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by George Orwell

The paperweight, the old man in the prole bar, St. Clement's Church

Symbolism, Imagery, Allegory

The paperweight and St. Clement’s Church have SYMBOL written all over them. These items are remnants of the past that, because of the Party’s control, no longer have any basis in "reality." By surrounding Oceanians with propaganda, party doctrine and contradictory "facts," the people of Oceania no longer have a past. Their memories aren’t even reliable because, after all, what would you think if you distinctly recall X, but X is nowhere to be found in dictionaries or historical documents. Even your friends give you are "are you crazy?" look when you ask them. Thus, in Oceania, it becomes impossible for people to question the Party’s authority. Not to mention that whole threat-of-torture thing.

Fortunately, some remnants of the past do remain, and the "useless" paperweight fascinates Winston. He buys it as an attempt to reconnect with the past. Same deal with the old man in the bar – yet another attempt to get in touch with history. The old picture of St. Clement’s Church hanging in the room? Singing the song with Julia? Again, more representations of the past.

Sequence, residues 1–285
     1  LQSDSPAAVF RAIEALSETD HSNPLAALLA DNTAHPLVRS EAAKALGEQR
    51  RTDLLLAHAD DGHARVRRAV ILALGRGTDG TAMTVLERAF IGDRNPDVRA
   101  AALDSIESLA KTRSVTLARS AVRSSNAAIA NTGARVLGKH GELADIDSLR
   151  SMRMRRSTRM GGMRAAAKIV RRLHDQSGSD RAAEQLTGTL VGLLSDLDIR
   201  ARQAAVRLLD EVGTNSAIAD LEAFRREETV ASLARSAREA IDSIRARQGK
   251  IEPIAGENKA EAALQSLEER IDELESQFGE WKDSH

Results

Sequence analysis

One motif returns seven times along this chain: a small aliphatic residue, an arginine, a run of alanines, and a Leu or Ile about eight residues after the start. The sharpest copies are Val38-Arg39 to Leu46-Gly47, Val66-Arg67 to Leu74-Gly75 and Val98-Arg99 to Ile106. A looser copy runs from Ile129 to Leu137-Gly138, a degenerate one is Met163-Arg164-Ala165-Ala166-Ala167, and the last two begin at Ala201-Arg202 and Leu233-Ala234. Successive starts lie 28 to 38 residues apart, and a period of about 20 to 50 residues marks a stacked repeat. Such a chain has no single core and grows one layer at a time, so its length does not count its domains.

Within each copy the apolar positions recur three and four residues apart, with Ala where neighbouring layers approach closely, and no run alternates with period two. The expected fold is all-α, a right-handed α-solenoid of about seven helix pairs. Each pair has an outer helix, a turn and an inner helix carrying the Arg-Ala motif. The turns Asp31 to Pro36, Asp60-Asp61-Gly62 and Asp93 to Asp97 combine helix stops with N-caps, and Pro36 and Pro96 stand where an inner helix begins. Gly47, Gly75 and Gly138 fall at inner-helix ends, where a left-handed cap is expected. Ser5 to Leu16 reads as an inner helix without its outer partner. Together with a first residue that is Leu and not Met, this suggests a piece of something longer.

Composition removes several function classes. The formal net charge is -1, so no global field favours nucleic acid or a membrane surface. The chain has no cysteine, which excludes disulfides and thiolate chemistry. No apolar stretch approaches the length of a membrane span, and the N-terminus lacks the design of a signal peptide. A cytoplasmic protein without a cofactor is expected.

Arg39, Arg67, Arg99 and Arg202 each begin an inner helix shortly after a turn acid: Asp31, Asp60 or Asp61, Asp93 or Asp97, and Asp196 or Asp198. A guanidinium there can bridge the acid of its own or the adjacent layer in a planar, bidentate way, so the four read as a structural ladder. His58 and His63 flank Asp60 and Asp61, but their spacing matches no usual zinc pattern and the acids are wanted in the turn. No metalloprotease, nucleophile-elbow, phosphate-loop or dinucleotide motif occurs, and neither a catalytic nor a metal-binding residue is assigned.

Notice a blatant and rather non-subtle artistic device: when the Thought Police come to lead Winston and Julia away, the glass paperweight is shattered on the ground. Hmm! It’s almost as if Winston’s chances at recovering the past are shattered, too. Funny how that works out.

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